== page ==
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. Last Updated: 07/27/2016

Could Italy Fall Even Before the Tower of Pisa?

ROME - Earlier this month, a team of construction experts made another effort to save the Leaning Tower of Pisa. In the space of five days, they managed to insert 12 tons of lead into the monument to stop it falling over. By the end of this year, they hope to have anchored about 100 tons of lead inside the tower. Last year they put steel cables on it.

The tower was built 800 years ago, and is about six times as old as the united Italian state. But it would be interesting to know what odds Italian bookmakers would offer on the tower lasting longer than the state. In the opinion of some Italians, both look as if they will eventually keel over.

The crisis of the state is entertainingly depicted in a recently published novel, "La Rivolta" (The Revolt), a political fantasy based on Italy's current corruption scandals. The novel, which is already a best-seller, imagines former Prime Minister Giulio Andreotti trying to flee Rome disguised as a woman in a blonde wig before he is captured and beheaded in the Colosseum.

In real life, Andreotti is under investigation for alleged corruption and links to the Mafia. Police are likewise probing the affairs of no fewer than one in six members of Italy's parliament, as well as hundreds of other figures at the very center of public life. At first sight, the entire post-1945 Italian system appears to be bursting apart in a peaceful revolution.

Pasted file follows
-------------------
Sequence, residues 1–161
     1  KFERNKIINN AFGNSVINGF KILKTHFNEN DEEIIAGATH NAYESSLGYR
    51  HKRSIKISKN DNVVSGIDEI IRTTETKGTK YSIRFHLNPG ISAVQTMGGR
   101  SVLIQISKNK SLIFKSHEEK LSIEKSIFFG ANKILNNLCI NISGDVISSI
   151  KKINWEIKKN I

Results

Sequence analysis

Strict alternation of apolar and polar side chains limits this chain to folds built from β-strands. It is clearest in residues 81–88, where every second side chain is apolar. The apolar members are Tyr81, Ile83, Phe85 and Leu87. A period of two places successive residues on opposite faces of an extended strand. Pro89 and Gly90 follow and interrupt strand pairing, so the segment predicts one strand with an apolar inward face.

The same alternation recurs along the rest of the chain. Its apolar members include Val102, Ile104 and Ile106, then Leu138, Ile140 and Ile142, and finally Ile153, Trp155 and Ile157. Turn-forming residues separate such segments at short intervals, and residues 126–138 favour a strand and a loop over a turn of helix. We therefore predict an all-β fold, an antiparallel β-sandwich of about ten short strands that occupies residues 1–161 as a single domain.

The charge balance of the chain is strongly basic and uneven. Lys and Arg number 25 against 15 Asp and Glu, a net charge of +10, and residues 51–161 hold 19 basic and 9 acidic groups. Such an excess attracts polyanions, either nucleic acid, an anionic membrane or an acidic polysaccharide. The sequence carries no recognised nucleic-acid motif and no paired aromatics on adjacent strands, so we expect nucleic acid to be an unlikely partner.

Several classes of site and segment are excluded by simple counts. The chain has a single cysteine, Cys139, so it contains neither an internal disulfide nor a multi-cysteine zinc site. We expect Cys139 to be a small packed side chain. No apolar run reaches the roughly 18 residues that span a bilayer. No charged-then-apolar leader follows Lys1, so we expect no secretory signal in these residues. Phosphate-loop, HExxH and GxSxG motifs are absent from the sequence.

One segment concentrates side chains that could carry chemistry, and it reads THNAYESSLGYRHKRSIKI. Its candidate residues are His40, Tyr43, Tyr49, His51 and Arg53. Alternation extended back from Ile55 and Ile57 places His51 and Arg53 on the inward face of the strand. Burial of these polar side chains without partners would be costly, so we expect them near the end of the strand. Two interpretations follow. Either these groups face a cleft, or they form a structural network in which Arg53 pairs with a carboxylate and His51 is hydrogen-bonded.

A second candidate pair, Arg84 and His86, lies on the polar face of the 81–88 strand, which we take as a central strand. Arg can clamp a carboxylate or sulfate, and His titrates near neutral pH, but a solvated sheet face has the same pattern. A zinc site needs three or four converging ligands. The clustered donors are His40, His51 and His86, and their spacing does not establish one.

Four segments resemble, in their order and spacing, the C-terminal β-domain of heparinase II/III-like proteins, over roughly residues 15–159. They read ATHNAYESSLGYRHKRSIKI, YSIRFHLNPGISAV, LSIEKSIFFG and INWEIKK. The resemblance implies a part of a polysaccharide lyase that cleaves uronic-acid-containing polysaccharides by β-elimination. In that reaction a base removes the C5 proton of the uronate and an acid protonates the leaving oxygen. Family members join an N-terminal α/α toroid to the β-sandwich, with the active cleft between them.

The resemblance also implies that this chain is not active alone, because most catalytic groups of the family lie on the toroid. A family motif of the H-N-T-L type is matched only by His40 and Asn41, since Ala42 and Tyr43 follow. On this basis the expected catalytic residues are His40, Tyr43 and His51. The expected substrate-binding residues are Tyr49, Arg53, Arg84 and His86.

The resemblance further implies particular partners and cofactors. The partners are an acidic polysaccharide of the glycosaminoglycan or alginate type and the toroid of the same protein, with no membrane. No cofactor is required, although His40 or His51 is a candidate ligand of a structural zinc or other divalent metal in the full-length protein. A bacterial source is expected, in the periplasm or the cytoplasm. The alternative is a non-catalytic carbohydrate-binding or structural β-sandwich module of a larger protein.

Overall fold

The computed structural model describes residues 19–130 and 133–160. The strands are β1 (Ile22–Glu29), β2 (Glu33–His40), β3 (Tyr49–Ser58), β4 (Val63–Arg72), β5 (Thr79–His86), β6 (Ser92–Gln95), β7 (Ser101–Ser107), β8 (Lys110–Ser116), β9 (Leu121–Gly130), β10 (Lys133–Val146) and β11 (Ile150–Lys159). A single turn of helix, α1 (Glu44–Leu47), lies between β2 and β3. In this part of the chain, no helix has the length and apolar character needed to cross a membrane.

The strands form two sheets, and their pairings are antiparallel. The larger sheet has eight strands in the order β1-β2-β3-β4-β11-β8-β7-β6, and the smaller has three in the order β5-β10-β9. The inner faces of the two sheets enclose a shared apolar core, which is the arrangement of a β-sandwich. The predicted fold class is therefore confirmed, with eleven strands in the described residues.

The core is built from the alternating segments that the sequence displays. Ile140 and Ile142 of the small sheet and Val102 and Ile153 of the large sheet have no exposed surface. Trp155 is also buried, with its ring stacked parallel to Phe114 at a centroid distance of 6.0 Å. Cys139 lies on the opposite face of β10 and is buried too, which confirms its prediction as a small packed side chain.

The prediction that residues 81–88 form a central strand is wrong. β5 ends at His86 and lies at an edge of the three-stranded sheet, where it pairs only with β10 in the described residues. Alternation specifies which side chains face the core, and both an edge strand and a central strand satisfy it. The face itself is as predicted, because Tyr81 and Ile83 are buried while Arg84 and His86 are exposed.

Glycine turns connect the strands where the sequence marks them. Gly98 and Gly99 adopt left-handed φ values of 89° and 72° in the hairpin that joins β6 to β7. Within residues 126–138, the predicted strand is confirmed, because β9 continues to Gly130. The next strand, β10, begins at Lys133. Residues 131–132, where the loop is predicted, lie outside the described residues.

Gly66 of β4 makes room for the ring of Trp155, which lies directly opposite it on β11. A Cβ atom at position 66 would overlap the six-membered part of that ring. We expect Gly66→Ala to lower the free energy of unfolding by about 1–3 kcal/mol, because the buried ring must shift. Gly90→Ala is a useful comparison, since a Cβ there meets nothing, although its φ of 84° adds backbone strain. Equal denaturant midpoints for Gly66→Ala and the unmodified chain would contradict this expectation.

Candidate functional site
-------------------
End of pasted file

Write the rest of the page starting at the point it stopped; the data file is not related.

The impression is only partly right. In the first place, the revolution is not so peaceful. Many Italians believe that the bombers who wrecked part of the Uffizi gallery in Florence earlier this year were intent on sabotaging the process of reform. Magistrates investigating the Mafia in Sicily have been killed. and then there are the suicides. Since the corruption scandals came to light 18 months ago, 10 prominent Italians have taken their lives.

Only last week the former head of ENI, the giant state energy company, killed himself while in prison under investigation, and the former chairman of Ferruzzi, another big industrial group, shot himself. It is arguable that the Italian judiciary, in its determination to root out the evil that has plagued the country for so long, has abused its powers and fostered an atmosphere similar to a witch-hunt.

As for the rotten political system, it is not quite dead yet. The scandals generated such outrage that, in a referendum last April, there was a large vote in favor of changing Italy's electoral system. The message was that it was time for the old parties, and the old politicians who lead them, to pack their bags and go. New parties such as the separatist Northern League and the anti-Mafia La Rete (Network) movement seemed set to replace them.

Yet the old leaders are still there. Indeed, the Christian Democrats, who have dominated politics since 1945, seem to think, like the Communists of Eastern Europe and the former Soviet state, that it will suffice to change their party's name, make a public declaration of repentance, and then occupy political office just as before.

But the nation's moral, political and economic health requires real changes, not cosmetic insincerities. Fortunately, some Christian Democrats, especially members who are too young or too radical to be part of Italy's discredited establishment, realize this.